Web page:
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Life of Lord Mahavir and His 5 Important Teachings

Lord Mahavir was born on the thirteenth day of the rising moon of Chaitra month in 599 B.C. in the state of Bihar, India. This day falls in the month of April as per the English calendar and his birthday is celebrated as Mahavir Jayanti Day.

Mahavir Jayanti

Who is Lord Mahavir

Lord Mahavir was the twenty-fourth and last Tirthankara of the Jain religion. According to Jain philosophy, all Tirthankaras were human beings but they have attained a state of perfection or enlightenment through meditation and self-realization.

They are the Gods of Jains. The concept of God as a creator, protector and destroyer of the universe does not exist in Jainism. Also, the idea of God’s rebirth as a human being to destroy the devil is not accepted in Jainism.

The legend says he spent nearly twelve and a half years in meditation to attain spiritual knowledge and to be free from all desires, feelings and attachments. He learned to be equal towards everyone including animals.

He avoided hurting anyone with or without any intention. After serving the severe punishment, his powers were fully developed. Hence, he was given the name Mahavir meaning brave and courageous.

Once he attained the knowledge, Lord Mahavir travelled on foot across India, spreading his teachings and enlightened spiritual wisdom to follow people. He was the twenty-fourth and last Tirthankara in Jainism.

Lord Mahavir

5 Important Teachings of Lord Mahavira

The five important teachings, which he laid and are strictly followed within Jains

  • Non-violence (Ahimsa) – not to cause harm to any living beings
  • Truthfulness (Satya) – to speak the harmless truth only
  • Non-stealing (Asetya) – not to take anything not properly given
  • Chastity (Brahmacharya) – not to indulge in sensual pleasure
  • Non-possession/Non-attachment (Aparigraha) – complete detachment from people, places and material things

Concept of God

  • The universe and all of its substances or phenomena, according to Jainism are everlasting.
  • In terms of time, it has no beginning or end. The universe operates according to its own set of cosmic rules.
  • All chemicals alter or modify their forms on a regular basis. Nothing in the cosmos can be destroyed or produced.
  • There is no requirement for someone to originate or govern the universe’s affairs.
  • As a result, Jainism rejects God as the universe’s creator, survivor and destroyer.
  • Jainism, on the other hand, believes in God, not as a creator but as a flawless entity.
  • A freed soul is one who has destroyed all of his karma. In Moksha, he lives eternally in a perfect joyful condition.
  • Infinite knowledge, boundless vision, endless power, and infinite happiness are all available to the emancipated spirit. The Jain faith considers this living entity to be a God.
  • Every living thing has the ability to become God.
  • As a result, Jains do not worship a single God, but rather a plethora of Jain Gods, whose number continues to grow as more sentient beings achieve emancipation.

Rebirth and Realms

  • Mahavira’s main teachings are rebirth and realms of life. Mahavira thought that life existed in a variety of forms including animals, plants, insects, bodies of water, fire and wind according to the Acaranga Sutra.
  • He taught that a monk should never touch or disturb any of them (even plants) and that he should never swim, ignite a fire or wave his arms in the air since these activities may harm other creatures dwelling in those forms of matter.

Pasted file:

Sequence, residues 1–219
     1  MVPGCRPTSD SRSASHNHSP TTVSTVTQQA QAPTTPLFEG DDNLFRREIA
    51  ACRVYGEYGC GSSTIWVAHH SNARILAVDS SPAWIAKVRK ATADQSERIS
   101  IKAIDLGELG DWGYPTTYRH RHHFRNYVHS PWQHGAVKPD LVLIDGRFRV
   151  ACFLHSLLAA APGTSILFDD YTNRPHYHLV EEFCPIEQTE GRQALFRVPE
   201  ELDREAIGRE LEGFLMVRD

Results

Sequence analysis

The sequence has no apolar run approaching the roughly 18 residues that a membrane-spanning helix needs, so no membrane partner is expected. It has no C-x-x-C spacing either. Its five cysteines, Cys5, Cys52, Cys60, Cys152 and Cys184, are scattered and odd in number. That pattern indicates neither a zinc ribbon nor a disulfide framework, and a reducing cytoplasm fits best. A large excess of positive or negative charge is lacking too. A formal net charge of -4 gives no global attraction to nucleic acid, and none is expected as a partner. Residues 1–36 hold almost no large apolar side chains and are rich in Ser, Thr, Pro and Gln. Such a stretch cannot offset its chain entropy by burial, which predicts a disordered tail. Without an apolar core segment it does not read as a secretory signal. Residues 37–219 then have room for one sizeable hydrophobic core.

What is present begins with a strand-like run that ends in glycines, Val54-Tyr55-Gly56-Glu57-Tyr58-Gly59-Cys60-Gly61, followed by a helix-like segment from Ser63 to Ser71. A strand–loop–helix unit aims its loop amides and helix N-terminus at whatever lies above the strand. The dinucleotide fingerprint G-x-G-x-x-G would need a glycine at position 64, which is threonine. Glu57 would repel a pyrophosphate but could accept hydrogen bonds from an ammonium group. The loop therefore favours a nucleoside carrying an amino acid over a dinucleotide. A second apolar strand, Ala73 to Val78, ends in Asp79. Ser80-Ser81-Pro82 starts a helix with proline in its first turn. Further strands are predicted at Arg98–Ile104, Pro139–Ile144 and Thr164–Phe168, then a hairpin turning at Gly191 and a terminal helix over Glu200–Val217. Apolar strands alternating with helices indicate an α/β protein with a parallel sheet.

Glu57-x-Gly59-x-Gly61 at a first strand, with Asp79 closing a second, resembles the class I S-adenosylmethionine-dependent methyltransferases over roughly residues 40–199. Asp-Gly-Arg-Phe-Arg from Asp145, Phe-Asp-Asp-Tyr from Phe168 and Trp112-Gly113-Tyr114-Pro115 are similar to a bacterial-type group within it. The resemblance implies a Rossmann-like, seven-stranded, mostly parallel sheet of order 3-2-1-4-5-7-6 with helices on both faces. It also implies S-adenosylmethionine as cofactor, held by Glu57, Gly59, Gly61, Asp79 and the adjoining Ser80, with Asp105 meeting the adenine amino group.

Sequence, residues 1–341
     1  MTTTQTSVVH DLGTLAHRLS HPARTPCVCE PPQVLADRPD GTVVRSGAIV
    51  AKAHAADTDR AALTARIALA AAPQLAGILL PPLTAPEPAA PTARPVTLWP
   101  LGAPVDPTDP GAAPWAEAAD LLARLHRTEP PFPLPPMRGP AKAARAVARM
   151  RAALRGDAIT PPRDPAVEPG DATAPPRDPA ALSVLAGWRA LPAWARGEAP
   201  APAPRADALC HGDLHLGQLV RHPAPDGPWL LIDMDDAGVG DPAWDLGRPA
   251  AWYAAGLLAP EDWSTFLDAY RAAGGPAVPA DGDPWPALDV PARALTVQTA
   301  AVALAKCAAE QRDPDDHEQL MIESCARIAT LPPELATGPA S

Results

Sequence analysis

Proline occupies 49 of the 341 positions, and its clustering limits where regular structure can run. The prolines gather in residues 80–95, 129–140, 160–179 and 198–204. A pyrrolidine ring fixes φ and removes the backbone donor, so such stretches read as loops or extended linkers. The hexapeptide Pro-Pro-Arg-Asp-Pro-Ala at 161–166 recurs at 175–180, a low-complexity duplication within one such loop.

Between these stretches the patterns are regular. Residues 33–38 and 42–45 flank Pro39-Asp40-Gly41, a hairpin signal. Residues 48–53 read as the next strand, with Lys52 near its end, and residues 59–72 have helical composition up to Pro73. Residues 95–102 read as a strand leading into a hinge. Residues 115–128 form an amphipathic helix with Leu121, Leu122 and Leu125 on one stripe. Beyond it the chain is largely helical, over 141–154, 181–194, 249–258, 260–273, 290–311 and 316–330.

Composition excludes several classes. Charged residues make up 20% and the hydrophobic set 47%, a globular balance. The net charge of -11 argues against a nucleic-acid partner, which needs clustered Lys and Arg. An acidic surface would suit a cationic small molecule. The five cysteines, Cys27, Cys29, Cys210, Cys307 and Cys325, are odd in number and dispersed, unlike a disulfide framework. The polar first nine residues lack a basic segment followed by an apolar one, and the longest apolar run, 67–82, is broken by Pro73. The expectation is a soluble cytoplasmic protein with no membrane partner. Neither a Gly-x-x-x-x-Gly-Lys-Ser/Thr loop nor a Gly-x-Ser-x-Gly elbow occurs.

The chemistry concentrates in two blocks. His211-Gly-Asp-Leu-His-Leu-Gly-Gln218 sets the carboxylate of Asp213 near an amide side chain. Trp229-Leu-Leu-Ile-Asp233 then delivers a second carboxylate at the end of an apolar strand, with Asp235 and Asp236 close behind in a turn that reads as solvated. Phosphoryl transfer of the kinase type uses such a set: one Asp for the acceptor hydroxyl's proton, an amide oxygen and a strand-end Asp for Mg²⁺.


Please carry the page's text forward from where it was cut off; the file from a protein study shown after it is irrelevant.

• Mahavira taught that existence is cyclic and that the soul is rebirth in one of the Trilok — the heavenly, hellish or earthy realms of existence and suffering – following death.

Teaching of Lord Mahavira

  • Mahavir made religion simple and natural free from involved ritual complexities. His teachings reflected the internal beauty and harmony of the soul.
  • Mahavir taught the idea of the power of human life and stressed the importance of a positive attitude towards life.
  • Mahavir’s message of non-violence (Ahimsa), truth (Satya), non-stealing (Acharya), celibacy (Brahmacharya) and non-possession (Aparigraha) is full of universal compassion.
  • Mahavir said that A living body is not merely an integration of limbs and flesh but it is the abode of the soul which potentially has perfect perception (Anant darshana), perfect knowledge (Anant jnana), perfect power (Anant virya), perfect bliss (Anant sukha). Mahavir’s message reflects the freedom and spiritual joy of the living being.
  • Mahavir focuses attention on all living beings, irrespective of their size, shape, and form how spiritually developed or undeveloped are equal and we should love and respect them. This way he preached the gospel of universal love.
  • Mahavir rejected the concept of God as a creator, a protector and a destroyer of the universe. He also criticizes the worshipping of gods and goddesses as a means of material gains and personal benefits.

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Conclusion

Mahavira, also known as Vardhamana, was the 24th Tirthankara of the Jainism religion. Mahavir focuses attention that due to its ignorance, every living being (soul) has been imprisoned by karmic atoms since the beginning of time. Lord Mahavir’s teachings were recorded orally in Agam Sutras by his direct pupils. The major purpose of Mahavira’s teaching is to acquire moksha or the liberation of the soul from earthly constraints.

Mehul limbani
Mehul Limbani a passionate Blogger and SEO Analyst, is dedicated to helping people through his insightful travel blog.
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